The authorities of Bavaria have already started a campaign to convince Moslems that the parallel existence of two different systems of justice should be ruled out in a state ruled by law.
The impetus to start this campaign was the recent release of a book titled “Judges without Law” by journalist Joachim Wagner. Mr. Wagner calls shariat courts, which, as he insists, are rather popular among Moslem immigrants in Europe, “shadow or parallel justice”.
There is no reliable statistics about how many Moslems in Europe prefer to turn to imams instead of secular judges, because, as a rule, they do it orally or via the Web. However, the decisions of the Moslem clergy rather often run counter to Germany’s official, secular laws and sometimes lead to real tragedies.
German political analyst Alexander Rahr says:
“Cases of shariat “lynch law” are becoming more frequent in German. In regions populated mainly by Moslems, shariat “courts” sometimes just make people obey their decisions. It is sometimes very hard for the secular authorities to control the situation.”
However, some analysts believe that by declaring that the decisions of shariat courts have no legal power, the German authorities are trying to oust Moslems from their country. But Russian expert in Islam Leonid Syukiyaynen thinks that this is not altogether true.
“I don’t suspect the German authorities and people of anti-Moslem sentiments,” he says. “I believe, the real reason is that, from the point of view of European mentality and European laws, shariat norms often offend human rights, especially the rights of women.”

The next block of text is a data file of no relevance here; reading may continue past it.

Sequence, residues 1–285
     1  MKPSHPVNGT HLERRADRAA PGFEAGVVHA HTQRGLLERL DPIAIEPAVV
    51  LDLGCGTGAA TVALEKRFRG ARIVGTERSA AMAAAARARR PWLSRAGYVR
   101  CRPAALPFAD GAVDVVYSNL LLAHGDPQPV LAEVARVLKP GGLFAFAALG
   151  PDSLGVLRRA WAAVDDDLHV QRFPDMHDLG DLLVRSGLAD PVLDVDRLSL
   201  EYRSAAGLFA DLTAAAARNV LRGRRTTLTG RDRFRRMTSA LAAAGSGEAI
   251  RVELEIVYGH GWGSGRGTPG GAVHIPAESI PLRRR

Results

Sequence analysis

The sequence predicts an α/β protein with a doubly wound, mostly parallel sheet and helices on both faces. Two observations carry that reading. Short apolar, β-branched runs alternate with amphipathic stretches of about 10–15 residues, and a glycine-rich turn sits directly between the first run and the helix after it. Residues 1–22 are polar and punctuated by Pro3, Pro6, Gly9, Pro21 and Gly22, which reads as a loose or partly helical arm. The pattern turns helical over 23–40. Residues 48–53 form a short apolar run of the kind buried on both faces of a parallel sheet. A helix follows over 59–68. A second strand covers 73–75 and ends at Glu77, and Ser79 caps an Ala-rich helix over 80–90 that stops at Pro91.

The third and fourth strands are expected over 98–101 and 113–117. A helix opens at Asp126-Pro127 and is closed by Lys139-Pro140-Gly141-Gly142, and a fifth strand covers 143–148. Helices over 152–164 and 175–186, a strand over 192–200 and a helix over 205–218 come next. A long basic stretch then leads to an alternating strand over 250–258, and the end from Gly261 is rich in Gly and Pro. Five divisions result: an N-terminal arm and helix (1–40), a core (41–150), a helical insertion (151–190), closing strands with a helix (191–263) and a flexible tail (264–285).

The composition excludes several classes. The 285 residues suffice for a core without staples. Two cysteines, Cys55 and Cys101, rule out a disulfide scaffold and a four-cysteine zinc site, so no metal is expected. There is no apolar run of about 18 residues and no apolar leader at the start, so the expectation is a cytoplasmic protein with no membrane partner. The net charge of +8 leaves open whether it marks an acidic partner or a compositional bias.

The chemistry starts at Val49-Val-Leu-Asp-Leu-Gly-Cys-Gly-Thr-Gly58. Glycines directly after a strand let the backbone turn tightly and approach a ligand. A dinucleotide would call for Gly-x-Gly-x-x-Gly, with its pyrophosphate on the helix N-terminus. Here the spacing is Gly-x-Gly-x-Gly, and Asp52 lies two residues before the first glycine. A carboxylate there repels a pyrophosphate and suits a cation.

In Russia, Islam is the second most widely spread religion, after Orthodox Christianity. Recently, some Russian Moslem religious leaders and politicians suggested to introduce shariat courts in Russia, parallel to the secular legal system. But this proposition stirred many protests not only from Russian Christians and atheists, but from some Moslems as well.
However, in some parts of Germany, as well as in several other European countries, secular authorities sometimes are not against applying shariat norms to some disputes. For example, the Minister of Justice of the Rheinland-Pfalz province Jochen Hartloff sees nothing bad in applying norms of shariat in disputes considering financial or family affairs. In the UK, shariat norms are sometimes taken into account by courts in disputes over property between Moslem immigrants at least since 1982. Some norms of shariat are also taken into account during viewing civil cases in the Netherlands and Belgium.
Still, Alexander Rahr believes that for Europeans, this is more a reluctant measure than real respect to the shariat laws. The number of Moslem immigrants in Europe is growing with every day, and Europeans have to make certain concessions to them not to stir conflicts between people of different cultures and mentalities.